I hated growing up in Africa.
Given the chance, I would have migrated or been adopted by Angelina Jolie. I would have moved anywhere but Africa.
I know that seems extreme but when you watch the news, movies, or TV shows, the depiction of Africa SUCKED and continues to SUCK!
Sure, we can say they are trying to diversify the way Africans are presented.
Sure, we can say that Africans are telling more and more of their own stories but I still feel underrepresented.
Where is the African who did not grow up in the slums or the village?
Who is the African that went to private school?
What of the African that has tasted the spoils of the Western World?
How is the African that went to school in America, the UK or Australia?
Are they happy? Sad? Do they miss home or have they said their final goodbyes to home?
Where am I in this almost one-sided depiction of Africans?
There is more to being African than what we see, read, hear, or even taste.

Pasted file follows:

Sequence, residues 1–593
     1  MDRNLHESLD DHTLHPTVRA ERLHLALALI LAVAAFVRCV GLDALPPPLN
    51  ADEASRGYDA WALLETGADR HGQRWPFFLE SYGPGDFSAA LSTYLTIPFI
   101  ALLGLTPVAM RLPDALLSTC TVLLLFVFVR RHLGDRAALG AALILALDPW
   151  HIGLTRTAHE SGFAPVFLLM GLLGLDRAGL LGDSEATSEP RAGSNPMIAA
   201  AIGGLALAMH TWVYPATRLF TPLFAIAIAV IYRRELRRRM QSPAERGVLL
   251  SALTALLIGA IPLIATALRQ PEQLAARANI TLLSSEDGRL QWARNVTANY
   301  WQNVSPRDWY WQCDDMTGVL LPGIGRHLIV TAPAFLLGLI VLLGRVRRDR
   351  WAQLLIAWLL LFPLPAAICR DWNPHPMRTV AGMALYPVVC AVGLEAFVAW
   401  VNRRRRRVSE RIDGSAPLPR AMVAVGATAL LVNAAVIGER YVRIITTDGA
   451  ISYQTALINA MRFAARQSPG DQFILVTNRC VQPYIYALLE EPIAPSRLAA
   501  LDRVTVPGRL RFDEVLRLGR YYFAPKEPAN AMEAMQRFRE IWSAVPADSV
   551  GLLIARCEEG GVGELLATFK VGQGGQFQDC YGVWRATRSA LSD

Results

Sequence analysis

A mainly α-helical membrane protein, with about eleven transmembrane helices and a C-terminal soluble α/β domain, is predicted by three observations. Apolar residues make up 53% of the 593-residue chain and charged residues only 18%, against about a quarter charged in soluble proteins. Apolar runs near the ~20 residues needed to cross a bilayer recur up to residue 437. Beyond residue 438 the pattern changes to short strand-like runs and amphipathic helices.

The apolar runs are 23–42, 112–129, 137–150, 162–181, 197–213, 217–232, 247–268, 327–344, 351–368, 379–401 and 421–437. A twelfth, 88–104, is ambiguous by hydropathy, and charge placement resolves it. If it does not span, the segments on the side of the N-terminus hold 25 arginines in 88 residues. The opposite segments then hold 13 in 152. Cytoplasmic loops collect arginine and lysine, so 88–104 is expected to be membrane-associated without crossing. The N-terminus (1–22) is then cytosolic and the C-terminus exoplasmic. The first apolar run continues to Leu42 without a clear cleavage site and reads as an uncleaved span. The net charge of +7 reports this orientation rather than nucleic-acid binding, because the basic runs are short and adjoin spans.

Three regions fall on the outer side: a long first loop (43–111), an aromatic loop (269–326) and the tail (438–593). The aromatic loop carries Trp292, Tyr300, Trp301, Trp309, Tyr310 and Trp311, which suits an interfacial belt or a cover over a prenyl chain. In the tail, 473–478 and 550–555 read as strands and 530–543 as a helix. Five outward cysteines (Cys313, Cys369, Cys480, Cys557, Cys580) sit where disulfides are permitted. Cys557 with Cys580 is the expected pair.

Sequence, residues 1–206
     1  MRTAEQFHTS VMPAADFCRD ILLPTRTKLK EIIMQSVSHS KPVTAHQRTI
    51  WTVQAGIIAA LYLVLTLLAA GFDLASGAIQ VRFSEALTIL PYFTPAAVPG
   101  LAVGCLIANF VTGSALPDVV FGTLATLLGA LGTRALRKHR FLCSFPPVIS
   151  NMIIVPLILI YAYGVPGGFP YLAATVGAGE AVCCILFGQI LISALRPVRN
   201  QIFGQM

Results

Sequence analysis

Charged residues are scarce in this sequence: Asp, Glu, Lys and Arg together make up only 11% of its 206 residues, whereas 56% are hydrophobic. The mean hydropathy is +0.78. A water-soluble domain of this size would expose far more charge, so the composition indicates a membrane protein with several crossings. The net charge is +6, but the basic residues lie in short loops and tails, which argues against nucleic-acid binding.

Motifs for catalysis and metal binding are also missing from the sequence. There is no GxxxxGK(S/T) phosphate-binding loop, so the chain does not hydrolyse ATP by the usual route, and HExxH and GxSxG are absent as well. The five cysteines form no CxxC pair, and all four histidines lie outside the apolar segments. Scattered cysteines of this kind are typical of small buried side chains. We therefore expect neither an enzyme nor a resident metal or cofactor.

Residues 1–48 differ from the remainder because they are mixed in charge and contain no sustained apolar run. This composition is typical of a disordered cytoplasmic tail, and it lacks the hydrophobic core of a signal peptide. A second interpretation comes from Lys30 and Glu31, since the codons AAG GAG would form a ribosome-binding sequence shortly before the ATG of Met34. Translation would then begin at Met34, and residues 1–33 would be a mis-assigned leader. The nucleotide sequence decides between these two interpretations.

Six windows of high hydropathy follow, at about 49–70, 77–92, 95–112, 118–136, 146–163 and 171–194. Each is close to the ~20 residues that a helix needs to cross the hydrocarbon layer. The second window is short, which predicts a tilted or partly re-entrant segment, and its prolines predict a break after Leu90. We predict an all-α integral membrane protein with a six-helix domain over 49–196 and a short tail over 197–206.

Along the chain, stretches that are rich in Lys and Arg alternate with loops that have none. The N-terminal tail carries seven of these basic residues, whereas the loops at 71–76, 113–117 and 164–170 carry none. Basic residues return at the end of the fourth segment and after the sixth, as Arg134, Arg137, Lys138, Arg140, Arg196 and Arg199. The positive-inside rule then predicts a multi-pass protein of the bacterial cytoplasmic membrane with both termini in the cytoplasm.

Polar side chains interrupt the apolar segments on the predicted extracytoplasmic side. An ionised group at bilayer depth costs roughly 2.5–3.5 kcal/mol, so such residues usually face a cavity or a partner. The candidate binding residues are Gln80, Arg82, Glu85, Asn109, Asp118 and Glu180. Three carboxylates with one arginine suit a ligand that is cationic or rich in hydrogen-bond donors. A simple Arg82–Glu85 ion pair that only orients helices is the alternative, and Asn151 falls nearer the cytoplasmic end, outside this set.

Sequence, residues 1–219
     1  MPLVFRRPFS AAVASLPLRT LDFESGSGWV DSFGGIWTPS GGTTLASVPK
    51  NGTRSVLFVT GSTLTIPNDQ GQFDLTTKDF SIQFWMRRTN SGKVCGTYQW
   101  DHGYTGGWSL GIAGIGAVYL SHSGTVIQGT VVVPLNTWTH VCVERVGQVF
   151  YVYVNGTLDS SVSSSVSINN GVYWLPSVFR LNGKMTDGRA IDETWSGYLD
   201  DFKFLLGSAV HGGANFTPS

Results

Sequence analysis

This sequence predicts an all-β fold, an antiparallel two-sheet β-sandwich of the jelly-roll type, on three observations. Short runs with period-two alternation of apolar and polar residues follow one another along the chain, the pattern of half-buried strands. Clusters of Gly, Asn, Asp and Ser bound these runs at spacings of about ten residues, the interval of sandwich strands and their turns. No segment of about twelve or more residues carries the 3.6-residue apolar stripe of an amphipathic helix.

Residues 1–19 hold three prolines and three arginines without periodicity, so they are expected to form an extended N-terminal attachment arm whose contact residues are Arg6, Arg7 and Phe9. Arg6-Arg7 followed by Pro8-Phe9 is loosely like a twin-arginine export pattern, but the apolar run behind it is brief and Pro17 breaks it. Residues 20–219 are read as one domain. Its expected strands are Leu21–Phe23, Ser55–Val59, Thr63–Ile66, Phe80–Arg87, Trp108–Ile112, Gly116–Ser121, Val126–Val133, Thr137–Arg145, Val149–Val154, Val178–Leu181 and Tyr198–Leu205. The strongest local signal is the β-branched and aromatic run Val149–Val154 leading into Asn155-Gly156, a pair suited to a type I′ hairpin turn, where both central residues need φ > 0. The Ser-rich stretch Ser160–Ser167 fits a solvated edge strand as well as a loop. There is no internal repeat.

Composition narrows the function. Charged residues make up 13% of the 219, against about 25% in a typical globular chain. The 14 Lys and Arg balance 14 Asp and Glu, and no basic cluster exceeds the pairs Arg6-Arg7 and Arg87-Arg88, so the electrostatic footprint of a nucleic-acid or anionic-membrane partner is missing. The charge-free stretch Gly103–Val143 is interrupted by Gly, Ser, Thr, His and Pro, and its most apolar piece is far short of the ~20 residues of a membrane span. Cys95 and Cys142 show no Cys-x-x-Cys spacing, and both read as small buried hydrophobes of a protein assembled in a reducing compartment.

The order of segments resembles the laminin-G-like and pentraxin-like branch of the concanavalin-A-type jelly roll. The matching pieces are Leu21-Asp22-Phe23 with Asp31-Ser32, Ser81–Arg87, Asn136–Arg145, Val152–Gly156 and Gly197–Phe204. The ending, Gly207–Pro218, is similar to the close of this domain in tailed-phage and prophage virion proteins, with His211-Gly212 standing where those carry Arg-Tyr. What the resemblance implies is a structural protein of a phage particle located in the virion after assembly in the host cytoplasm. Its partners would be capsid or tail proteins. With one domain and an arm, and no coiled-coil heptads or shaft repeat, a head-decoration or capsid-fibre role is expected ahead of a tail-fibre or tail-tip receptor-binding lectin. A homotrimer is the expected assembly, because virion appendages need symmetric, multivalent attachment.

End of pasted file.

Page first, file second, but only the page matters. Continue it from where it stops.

In Swahili, the word 'Kutibu' means to treat/heal.
If I may take creative license and stretch that concept to my blog and form a neologism of sorts, KuTIBA, since it goes with my blogs name - This is Bev's Africa (T.I.B.A.)
With this blog, I hope to heal the rift between what it means to be African and the idea of 'Africanness.'
To heal the rift that is years of colonialism and lack of knowledge about the place we call home.
This blog is for the girl who learned about her country and continent after she left them.
The person searching for a link that helps them remain as African as possible without being tainted by the West.
This is for the Pan-Africanists that can see the connection and communication that takes place on social media between Africans and the African diaspora without their knowledge.
This blog will hopefully be one of the most random, most insightful or just plain wrong thing that you read, and that is okay. I am still learning and my opinions and thoughts change faster than politicians can steal money.
So without further ado, I welcome you to my little corner of the internet where I can throw my jar of coins (my version of two cents) into the mix.
Welcome to my version of Africa.